Only Johnson’s Performance, an auto parts dealership, remains open. Like the other merchants there, Johnson’s lease was terminated last year, which these local business owners knew would happen eventually.
Johnson’s owner Greg LaRosa said it was due out by the end of August. Like Georgopoulos, he has no idea where he’s going, and like Veano’s II, his business had been well established for decades.
For Veano’s II, their closed and locked doors and dark interior symbolize a profound loss for its loyal fan base.
“I wasn’t happy,” Georgopoulos said, referring to the eviction notice he received a year ago. “I have worked here for a long time, I have regular customers, people I see here. Some come twice a day, for breakfast and lunch, and most people I know by name because I see them so much.
Georgopoulos, a bit of a man, spoke during a break after cleaning his restaurant, storing things and apologizing to his guest that someone had recently removed the coffee machine and he did not had nothing to offer.
He sat at a table wearing a Bruins hat, jeans and a Veano t-shirt. His sons – Nasi and Spiro – worked and cleaned in the kitchen. His Greek accent was obvious, but his English was clear.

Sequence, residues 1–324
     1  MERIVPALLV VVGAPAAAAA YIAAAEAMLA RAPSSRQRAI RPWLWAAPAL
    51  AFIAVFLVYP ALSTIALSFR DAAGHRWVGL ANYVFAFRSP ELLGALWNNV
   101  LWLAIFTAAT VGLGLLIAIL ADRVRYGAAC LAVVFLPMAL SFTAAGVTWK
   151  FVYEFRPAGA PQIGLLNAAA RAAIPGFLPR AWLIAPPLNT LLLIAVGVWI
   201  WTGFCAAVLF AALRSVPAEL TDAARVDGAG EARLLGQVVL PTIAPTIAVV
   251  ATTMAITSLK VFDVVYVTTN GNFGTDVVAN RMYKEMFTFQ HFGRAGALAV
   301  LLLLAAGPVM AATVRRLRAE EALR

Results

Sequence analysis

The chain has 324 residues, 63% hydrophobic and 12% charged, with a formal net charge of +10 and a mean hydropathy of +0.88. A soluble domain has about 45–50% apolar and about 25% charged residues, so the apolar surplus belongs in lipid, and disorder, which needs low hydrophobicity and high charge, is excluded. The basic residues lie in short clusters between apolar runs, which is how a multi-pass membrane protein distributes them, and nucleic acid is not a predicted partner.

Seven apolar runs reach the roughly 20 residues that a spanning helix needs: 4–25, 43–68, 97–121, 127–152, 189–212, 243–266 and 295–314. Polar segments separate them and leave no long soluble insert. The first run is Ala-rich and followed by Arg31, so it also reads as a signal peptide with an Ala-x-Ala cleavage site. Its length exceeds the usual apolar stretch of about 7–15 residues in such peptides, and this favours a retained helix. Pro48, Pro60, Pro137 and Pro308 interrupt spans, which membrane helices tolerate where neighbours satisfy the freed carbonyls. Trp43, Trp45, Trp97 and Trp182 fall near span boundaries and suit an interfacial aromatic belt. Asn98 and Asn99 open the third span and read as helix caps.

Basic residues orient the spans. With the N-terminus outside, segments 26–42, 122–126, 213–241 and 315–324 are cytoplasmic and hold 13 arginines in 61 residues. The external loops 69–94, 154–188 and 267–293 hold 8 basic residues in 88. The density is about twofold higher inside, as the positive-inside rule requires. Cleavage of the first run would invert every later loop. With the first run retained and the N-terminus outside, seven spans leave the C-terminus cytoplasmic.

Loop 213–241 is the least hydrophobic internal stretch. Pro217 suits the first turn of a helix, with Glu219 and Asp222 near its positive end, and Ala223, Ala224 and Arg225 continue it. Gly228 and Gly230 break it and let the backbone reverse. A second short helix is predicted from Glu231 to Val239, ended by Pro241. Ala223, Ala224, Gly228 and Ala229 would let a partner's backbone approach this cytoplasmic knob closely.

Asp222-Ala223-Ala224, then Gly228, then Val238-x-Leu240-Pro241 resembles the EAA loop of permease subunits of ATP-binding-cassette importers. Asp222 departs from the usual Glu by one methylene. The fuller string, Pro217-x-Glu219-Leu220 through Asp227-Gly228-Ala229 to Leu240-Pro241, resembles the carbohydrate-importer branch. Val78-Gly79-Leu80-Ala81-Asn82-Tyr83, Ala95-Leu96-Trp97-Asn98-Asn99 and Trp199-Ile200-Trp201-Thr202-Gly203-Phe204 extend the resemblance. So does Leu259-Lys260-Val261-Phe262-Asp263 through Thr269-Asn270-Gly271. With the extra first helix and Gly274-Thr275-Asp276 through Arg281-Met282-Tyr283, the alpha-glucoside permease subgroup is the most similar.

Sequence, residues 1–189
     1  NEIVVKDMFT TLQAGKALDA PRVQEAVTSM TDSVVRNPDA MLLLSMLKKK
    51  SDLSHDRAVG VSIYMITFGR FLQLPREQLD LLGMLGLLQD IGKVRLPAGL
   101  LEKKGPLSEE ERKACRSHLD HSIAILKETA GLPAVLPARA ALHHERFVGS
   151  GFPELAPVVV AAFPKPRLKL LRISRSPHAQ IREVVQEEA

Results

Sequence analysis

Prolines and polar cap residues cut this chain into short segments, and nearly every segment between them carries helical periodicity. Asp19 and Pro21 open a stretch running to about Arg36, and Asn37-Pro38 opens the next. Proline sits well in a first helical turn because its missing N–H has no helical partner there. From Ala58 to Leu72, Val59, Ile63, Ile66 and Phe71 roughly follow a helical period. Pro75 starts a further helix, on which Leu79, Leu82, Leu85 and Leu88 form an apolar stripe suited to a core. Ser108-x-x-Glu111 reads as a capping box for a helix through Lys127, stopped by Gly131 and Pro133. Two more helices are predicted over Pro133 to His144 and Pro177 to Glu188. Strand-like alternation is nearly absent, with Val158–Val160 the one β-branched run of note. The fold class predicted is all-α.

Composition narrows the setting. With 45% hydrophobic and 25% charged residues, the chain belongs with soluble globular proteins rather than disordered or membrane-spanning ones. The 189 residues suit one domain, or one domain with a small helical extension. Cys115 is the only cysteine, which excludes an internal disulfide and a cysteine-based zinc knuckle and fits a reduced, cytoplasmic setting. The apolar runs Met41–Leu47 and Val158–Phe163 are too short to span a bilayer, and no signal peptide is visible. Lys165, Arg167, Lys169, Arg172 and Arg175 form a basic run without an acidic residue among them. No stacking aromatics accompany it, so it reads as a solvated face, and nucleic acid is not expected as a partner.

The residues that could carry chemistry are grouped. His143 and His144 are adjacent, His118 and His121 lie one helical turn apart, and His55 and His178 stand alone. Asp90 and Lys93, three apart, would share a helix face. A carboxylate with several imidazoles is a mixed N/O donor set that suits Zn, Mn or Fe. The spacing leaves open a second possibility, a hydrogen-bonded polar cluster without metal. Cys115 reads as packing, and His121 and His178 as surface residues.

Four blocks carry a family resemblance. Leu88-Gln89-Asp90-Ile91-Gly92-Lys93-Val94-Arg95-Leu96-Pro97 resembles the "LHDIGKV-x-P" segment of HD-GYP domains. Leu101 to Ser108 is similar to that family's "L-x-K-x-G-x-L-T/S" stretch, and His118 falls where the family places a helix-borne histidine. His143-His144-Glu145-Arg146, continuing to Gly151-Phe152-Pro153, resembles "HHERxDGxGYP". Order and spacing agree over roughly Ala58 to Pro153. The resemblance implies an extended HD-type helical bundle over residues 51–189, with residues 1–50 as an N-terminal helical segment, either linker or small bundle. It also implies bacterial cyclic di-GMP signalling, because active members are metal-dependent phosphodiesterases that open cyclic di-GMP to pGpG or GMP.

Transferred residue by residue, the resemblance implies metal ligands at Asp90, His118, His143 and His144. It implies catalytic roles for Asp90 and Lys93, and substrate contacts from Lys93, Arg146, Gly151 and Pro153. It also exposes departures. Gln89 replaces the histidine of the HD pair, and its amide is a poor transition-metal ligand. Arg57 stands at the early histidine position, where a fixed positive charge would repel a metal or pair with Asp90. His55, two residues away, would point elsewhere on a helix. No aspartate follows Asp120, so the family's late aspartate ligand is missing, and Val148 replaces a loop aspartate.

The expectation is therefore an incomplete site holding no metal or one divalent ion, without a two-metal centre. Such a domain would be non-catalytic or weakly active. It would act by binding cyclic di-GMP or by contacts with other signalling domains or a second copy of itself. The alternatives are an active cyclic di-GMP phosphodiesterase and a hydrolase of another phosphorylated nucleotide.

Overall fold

The farewell cake unveiled last Saturday, 75% eaten, rested on a long table, covered with a transparent plastic tray. There were dozens of plastic ketchup containers and dozens of salt and pepper shakers, huddled together, their work in this particular establishment done.
“I’ve been doing this since I was 2 years old,” Georgopoulos said. ” That’s all I know. I like what I do.”
Georgopoulos immigrated to New Hampshire from Greece in 1981. He was 14 and spoke no English. He worked for his father and uncles, who had opened Veano’s Italian Kitchen seven years earlier on Loudon Road.
He parted ways with the family business and opened Veano’s II, at its current location, in 2013. He brought four female staff members with him. Employees who were teenagers at the old venue, as was Georgopoulos. They basically grew up together.
“We were competing with the other Veanos (now on the outskirts of Pembroke) when we opened,” Georgopoulos said. “No one comes through the door. The girls say, ‘George, you have to do something.’ I told him to give it time.
Now 56, Georgopoulos has a lot to do. He needs a new location if he chooses to continue working after taking six months off. Also, his wife is sick. “Not good,” he said.